There is no reason to believe that this child has committed a specific sin to warrant an early death – at least not more than any other human who did not die early. And David does not believe that the issue lies with his son either, for he is convinced that his son has God’s favor.
In verse twenty-three David says, “I shall go to him, but he will not return to me.” David is confident that his son is with the Lord. He does not believe that God rejected his son, nor does he imply that there was anything uniquely wicked about his son.
David’s words about his son show us that he does not view suffering simply through a moralistic framework.
Second, among the major views of suffering in the world, there is the self-transcendent framework. This view sees suffering as an illusion. The proper response to suffering is detachment, and the hope is eventual enlightenment.
But David clearly does not follow that model either. David does not detach himself from the suffering of his son, but he prays and fasts day and night, on the ground, before the Lord. David cares deeply about what happens to his son – so much so that his servants are afraid to tell him when the boy dies.
Suffering in this world is real – it is not an illusion. And the response modeled for us here, and throughout the Bible, is not stoic detachment.
A third common perspective on suffering is the fatalistic view. This view says that what God or the fates have willed, they have willed. Our goal is not to understand, but to simply accept God’s will without question and endure the hardships he ordains for us.
But that’s not really David’s response either. Even after being told by the prophet Nathan, when David’s son falls ill, David does not just accept the boy’s impending death as God’s will – but he pleads with God. He petitions God day and night to change his mind. He knows that faithfulness is not simple resignation, but it is engagement with the Lord, pleading with the Lord, even while being willing to say in the end “thy will be done.” David is not fatalistic, but prayerful.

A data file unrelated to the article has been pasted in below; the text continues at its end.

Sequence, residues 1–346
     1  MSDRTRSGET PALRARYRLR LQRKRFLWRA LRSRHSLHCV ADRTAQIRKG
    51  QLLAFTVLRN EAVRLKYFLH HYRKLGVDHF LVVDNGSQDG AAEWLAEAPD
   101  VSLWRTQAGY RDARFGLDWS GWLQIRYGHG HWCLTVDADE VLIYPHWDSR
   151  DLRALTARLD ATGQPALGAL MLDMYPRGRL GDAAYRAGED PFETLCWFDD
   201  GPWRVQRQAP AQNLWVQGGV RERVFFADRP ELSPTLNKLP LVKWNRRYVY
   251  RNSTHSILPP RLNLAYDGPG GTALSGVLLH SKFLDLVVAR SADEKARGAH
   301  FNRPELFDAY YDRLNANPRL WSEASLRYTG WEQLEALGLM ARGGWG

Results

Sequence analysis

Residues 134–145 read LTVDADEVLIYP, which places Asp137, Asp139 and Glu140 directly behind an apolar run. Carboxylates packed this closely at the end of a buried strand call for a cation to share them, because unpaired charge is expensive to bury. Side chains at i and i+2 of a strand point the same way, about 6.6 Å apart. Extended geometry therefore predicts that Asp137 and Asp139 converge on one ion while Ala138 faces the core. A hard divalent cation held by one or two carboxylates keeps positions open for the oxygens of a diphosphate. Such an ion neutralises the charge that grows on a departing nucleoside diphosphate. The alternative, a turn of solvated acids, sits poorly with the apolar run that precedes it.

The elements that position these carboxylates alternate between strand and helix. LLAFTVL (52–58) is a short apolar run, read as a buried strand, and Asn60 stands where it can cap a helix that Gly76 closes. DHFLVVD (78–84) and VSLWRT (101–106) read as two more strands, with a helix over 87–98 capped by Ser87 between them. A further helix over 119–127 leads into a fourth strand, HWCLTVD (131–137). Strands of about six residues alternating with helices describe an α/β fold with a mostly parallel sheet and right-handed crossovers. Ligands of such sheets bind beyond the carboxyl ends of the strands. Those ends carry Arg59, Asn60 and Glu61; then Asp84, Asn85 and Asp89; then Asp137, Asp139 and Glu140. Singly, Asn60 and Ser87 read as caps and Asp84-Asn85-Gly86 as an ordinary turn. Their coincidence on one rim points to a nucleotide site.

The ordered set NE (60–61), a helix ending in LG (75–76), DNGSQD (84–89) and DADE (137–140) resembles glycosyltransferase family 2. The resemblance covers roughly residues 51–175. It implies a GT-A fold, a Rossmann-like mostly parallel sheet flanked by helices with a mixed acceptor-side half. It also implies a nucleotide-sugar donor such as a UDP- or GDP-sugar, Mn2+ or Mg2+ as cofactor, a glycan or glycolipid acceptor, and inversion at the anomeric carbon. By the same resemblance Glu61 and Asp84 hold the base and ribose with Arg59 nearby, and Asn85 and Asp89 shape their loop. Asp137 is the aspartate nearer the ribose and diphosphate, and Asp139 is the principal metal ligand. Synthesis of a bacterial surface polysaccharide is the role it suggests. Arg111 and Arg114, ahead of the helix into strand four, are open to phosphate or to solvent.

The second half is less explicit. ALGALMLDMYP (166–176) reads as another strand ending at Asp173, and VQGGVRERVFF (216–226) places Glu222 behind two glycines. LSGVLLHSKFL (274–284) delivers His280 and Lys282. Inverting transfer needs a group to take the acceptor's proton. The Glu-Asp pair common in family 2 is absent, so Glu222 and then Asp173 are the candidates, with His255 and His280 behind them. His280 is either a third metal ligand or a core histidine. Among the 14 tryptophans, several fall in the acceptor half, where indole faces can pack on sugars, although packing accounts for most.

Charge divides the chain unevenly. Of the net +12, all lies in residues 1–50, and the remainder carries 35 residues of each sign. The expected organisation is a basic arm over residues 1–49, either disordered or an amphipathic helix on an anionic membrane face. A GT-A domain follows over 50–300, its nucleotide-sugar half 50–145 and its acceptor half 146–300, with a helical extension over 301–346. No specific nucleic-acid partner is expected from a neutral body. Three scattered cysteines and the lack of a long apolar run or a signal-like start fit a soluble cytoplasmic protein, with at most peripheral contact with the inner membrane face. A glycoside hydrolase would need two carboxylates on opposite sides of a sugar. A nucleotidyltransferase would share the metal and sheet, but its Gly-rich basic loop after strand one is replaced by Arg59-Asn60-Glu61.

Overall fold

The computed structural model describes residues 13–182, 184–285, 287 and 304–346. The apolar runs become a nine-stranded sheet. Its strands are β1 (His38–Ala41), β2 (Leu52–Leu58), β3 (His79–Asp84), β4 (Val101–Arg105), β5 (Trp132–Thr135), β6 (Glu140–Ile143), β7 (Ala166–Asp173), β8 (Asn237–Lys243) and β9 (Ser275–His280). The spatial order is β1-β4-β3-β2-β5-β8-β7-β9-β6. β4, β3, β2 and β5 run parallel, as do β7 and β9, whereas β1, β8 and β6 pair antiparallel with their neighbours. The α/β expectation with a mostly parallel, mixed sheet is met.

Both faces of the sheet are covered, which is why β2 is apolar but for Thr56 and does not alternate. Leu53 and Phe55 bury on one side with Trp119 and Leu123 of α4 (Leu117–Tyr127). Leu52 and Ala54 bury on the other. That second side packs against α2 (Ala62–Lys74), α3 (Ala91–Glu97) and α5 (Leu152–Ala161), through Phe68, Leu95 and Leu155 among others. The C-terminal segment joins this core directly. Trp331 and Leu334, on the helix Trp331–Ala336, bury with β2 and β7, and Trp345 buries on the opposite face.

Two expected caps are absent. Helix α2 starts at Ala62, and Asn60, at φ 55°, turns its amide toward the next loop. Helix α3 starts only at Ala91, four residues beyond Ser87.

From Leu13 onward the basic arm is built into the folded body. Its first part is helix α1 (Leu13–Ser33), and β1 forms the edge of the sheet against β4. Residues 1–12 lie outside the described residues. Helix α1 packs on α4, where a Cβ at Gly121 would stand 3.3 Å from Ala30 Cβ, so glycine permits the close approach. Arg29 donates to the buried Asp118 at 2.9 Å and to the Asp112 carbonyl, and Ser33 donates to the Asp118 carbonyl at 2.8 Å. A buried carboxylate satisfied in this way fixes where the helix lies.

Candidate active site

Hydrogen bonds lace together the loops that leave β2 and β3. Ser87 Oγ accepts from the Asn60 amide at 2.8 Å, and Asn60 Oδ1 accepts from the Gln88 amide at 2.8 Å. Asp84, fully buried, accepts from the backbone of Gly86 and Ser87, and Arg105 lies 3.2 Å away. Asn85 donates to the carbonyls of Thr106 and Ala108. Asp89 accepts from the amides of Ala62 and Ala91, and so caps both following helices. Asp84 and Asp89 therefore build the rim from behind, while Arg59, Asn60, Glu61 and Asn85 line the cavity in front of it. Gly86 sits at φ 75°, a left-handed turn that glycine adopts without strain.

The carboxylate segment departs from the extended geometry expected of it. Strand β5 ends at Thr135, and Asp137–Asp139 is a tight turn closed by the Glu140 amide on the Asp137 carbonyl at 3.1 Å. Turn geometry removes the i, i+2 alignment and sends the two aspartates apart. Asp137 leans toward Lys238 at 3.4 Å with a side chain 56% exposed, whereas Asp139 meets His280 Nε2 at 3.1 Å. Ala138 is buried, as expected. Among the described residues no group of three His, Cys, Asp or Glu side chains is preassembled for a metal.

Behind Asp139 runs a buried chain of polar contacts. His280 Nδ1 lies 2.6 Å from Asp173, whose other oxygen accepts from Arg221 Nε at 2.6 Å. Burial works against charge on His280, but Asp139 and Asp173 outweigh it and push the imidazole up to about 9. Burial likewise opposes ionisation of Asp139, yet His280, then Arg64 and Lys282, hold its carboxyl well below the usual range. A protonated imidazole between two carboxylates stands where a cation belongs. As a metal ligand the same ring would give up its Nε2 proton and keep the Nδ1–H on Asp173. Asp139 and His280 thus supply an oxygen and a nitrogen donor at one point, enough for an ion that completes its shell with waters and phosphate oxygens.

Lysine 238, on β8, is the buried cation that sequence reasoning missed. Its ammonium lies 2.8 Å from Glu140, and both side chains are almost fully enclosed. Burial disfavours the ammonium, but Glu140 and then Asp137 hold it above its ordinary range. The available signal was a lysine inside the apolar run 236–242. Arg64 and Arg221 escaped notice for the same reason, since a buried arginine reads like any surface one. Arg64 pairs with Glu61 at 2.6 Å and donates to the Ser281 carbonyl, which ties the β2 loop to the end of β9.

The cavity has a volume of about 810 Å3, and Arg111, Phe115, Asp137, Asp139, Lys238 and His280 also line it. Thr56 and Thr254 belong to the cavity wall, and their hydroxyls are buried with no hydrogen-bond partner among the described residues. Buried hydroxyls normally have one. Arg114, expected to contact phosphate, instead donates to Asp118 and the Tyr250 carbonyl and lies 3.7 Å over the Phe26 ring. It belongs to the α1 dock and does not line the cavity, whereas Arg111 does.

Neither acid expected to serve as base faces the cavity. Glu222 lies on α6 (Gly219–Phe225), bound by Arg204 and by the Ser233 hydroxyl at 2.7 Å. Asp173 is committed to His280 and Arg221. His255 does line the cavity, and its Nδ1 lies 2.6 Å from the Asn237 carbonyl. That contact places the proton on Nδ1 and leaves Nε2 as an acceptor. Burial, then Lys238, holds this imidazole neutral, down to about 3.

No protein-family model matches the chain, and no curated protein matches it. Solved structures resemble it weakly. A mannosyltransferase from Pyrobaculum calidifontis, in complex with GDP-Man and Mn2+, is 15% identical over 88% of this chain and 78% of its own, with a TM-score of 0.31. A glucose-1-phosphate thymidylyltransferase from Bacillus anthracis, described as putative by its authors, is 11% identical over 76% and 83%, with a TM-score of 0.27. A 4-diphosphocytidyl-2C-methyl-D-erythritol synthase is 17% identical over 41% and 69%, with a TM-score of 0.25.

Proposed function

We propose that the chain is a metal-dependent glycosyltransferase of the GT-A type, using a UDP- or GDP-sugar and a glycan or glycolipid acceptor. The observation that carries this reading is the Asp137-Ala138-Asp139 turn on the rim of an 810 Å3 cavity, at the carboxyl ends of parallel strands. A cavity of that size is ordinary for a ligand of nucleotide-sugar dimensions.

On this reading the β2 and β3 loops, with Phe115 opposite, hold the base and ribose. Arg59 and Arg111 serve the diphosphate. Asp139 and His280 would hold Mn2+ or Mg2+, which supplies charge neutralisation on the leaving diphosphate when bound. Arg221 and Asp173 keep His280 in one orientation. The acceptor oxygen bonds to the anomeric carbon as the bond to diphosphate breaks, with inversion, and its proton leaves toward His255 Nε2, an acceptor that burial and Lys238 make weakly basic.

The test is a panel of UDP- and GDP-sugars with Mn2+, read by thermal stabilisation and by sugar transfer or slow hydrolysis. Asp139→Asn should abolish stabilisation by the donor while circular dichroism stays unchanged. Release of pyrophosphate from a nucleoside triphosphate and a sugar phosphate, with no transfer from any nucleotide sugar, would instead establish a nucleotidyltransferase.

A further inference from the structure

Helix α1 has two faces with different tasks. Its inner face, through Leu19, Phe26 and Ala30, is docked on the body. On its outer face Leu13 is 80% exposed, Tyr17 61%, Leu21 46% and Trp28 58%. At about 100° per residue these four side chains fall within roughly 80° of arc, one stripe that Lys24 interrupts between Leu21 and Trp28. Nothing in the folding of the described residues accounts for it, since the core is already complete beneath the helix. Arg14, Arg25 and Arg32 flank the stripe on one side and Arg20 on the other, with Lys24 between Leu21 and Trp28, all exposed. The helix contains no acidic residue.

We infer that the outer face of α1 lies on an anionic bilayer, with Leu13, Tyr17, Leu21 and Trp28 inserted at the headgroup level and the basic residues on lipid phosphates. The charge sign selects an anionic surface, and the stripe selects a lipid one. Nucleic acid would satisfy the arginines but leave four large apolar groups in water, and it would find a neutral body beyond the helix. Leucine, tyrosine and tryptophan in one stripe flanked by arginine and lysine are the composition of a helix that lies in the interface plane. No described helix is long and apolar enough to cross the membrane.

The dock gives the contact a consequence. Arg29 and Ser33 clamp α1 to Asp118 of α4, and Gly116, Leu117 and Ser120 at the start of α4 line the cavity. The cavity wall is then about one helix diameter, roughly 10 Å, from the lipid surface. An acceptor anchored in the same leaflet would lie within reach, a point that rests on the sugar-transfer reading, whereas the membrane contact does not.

A fourth common perspective on suffering is the dualistic perspective. This sees suffering as the result of a cosmic conflict between forces of darkness and light where neither is completely in control. We are called to be faithful to the cause of good and hope for the triumph of the light.
But David never questions here that God is in control. God is the one who has brought this suffering into David’s life, not some outside force. And the question is whether God will decide to relent, not whether God is able to save the boy. David knows that good and evil are at work in his heart and life, and that there is a battle. But he never has the illusion that it is a battle between equals, or that God is not in control.
The fifth and final major view on suffering is the secular view. It sees suffering as accidental. The proper response is better techniques to avoid and end suffering, and the hope is a better world in which human beings can prevent all suffering.
And while it’s a bit anachronistic, we should note that David does not take this perspective either. He does not see his son’s suffering as an accident, but as something that happened under the control of a sovereign God. And he knows that the solution will not be a better technique. His hope is not in man, but in God.
Now, as we consider all this, we should acknowledge that, of course, in many ways David’s suffering here is unique. He has had a prophet of the Lord come and tell him what was going to happen and why it was going to happen: his son would die as discipline for David’s sin.
So we know that for David, this suffering has come into his life in order to push him to repentance and greater faithfulness – to bring about change in his life for his spiritual good. That is why this suffering comes into the life of David.